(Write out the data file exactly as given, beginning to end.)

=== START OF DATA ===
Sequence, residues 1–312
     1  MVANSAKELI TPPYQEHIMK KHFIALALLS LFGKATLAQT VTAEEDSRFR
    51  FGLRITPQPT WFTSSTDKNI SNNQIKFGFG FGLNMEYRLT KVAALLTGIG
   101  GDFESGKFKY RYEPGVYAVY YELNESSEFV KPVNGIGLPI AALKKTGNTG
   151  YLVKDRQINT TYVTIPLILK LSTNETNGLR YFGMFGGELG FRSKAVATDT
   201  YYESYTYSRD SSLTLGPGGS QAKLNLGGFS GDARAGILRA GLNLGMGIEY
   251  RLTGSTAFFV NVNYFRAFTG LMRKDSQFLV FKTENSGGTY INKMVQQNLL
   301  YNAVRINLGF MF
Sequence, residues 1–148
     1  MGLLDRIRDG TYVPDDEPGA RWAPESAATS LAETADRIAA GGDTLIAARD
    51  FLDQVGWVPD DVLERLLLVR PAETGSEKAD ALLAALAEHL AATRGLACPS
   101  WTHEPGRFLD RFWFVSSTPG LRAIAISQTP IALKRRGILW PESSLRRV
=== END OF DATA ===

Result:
Sequence, residues 1–312
     1  MVANSAKELI TPPYQEHIMK KHFIALALLS LFGKATLAQT VTAEEDSRFR
    51  FGLRITPQPT WFTSSTDKNI SNNQIKFGFG FGLNMEYRLT KVAALLTGIG
   101  GDFESGKFKY RYEPGVYAVY YELNESSEFV KPVNGIGLPI AALKKTGNTG
   151  YLVKDRQINT TYVTIPLILK LSTNETNGLR YFGMFGGELG FRSKAVATDT
   201  YYESYTYSRD SSLTLGPGGS QAKLNLGGFS GDARAGILRA GLNLGMGIEY
   251  RLTGSTAFFV NVNYFRAFTG LMRKDSQFLV FKTENSGGTY INKMVQQNLL
   301  YNAVRINLGF MF
Sequence, residues 1–148
     1  MGLLDRIRDG TYVPDDEPGA RWAPESAATS LAETADRIAA GGDTLIAARD
    51  FLDQVGWVPD DVLERLLLVR PAETGSEKAD ALLAALAEHL AATRGLACPS
   101  WTHEPGRFLD RFWFVSSTPG LRAIAISQTP IALKRRGILW PESSLRRV